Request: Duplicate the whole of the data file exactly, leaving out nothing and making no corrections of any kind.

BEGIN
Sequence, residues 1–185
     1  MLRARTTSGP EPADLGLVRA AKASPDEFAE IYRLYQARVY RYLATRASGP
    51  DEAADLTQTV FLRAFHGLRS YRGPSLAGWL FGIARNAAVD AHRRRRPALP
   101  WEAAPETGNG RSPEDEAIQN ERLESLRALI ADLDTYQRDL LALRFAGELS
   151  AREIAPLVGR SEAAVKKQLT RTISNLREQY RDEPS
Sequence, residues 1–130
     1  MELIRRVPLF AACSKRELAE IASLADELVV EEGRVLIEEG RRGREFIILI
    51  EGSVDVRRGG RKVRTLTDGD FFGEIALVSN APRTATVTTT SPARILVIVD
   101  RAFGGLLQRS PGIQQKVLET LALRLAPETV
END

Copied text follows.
Sequence, residues 1–185
     1  MLRARTTSGP EPADLGLVRA AKASPDEFAE IYRLYQARVY RYLATRASGP
    51  DEAADLTQTV FLRAFHGLRS YRGPSLAGWL FGIARNAAVD AHRRRRPALP
   101  WEAAPETGNG RSPEDEAIQN ERLESLRALI ADLDTYQRDL LALRFAGELS
   151  AREIAPLVGR SEAAVKKQLT RTISNLREQY RDEPS
Sequence, residues 1–130
     1  MELIRRVPLF AACSKRELAE IASLADELVV EEGRVLIEEG RRGREFIILI
    51  EGSVDVRRGG RKVRTLTDGD FFGEIALVSN APRTATVTTT SPARILVIVD
   101  RAFGGLLQRS PGIQQKVLET LALRLAPETV